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The #KLeagueFM18 Challenges: The Road to Russia [Korea vs Argentina]

The K League Football Manager 2018 Challenges: South Korea's Road to Russia [vs Argentina]

After an underwhelming display and deserved defeat in their World Cup Finals opener against Croatia, Matthew Binns' K League-only South Korea squad most likely need to win their remaining two fixtures to progress to the knockout stages. The only issue is that they face world number 1 side Argentina in their next encounter.



The Challenge: The Road to Russia! Lead the Korean team to the 2018 World Cup and then put in a respectable performance. However, only players plying their trade in the K League can be called upon to represent their country.


"Unlock the door! We have a match to get to!"

Assistant manager and reluctant roommate Lee Hyung-ik has been trying to get into the bathroom in our hotel room for over an hour now, but I am refusing to open the door knowing the fate that awaits me. I know as soon I head out of this Novgorod-based AirBnB, I start the walk towards my eventual sacking.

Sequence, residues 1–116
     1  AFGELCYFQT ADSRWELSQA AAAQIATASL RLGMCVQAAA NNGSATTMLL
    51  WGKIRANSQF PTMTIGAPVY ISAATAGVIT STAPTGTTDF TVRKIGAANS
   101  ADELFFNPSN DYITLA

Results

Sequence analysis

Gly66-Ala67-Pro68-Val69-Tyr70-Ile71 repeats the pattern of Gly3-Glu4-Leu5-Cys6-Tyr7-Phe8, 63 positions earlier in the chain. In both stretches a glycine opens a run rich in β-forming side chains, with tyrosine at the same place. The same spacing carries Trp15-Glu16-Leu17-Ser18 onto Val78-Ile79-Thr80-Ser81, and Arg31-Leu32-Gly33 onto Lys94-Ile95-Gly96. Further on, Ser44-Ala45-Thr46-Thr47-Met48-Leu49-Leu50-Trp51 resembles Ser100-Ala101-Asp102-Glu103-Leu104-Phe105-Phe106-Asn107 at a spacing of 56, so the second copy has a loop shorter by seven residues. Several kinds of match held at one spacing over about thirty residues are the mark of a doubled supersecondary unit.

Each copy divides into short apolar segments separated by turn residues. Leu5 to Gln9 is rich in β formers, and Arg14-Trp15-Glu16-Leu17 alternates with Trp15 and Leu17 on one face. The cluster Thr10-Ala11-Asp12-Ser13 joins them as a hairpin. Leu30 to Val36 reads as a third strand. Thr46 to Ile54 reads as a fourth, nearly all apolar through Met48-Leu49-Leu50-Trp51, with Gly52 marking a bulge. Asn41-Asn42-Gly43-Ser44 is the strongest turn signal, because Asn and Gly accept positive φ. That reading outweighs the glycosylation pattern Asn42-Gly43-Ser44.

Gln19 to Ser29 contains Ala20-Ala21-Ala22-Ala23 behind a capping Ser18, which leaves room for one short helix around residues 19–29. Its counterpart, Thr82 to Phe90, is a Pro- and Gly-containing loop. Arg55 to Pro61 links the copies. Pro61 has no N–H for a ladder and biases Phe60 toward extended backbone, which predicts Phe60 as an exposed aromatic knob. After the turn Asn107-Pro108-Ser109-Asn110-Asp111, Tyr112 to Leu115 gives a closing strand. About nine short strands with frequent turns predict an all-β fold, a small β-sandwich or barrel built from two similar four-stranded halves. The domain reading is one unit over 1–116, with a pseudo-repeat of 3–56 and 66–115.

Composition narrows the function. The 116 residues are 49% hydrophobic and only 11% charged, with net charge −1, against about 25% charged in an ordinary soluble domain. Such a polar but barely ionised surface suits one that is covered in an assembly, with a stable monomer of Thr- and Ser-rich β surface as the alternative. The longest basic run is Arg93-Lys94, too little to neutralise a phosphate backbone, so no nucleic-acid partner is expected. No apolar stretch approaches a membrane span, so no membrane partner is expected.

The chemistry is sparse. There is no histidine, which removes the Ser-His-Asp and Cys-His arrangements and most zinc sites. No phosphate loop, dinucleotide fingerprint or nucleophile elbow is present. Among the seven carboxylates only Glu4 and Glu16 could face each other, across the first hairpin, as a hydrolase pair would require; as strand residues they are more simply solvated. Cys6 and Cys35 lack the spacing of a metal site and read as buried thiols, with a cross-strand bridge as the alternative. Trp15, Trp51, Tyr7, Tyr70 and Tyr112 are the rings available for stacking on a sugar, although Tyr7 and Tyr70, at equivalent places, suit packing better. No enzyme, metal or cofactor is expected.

We should have done better against Croatia, but we were predictably overrun and could not prevent them from clocking up an unassailable two goal lead. To make matters worse, the K League's top striker and the spearhead of my attack, Kim Shin-wook pulled up with an ailment in injury time, tearing a calf muscle in a bid to sprint.



I am left with two choices to replace him, Lee Jong-ho and Shin Dong-woon. Shim has served me well in the past, and also does not have an annoying tiger celebration that he insists on doing when he scores, but Lee Jong-ho has been in form for Ulsan Hyundai and merits his inclusion in the World Cup squad.

There is some semi-fortunate news as a reluctant Ryan Walters returns to the dugout having tried to resign in the post match press conference after the Croatia debacle, but fellow assistant Paul Neat looks set to remain in custody having exceeded his duty free limits and neglected to declare them to the authorities upon entry to the country.

Eventually I am coaxed out of the bathroom by Lee, more so out of hunger than being convinced. I let him have his victory though, pretending that I had been sobbing uncontrollably when actually I had just splashed water on my face and poked myself in the eyes until they were swollen. Though when he points at the pools of vomit on the floor, I quickly head out the door and to the lobby to meet my team, avoiding his questions. After all, it is this kind of unorthodox man management that has seen us defy the odds to be here in the first place.

The last time Korea faced Argentina at a World Cup was eight years ago, where they came spectacularly unstuck, losing 4-1 in Johannesburg, South Africa. That day, a Higuain hat trick and a Park Chu-young own goal sealed the Koreans fate, whilst a fresher faced Lionel Messi tormented 'The Red Devils' for most of the match.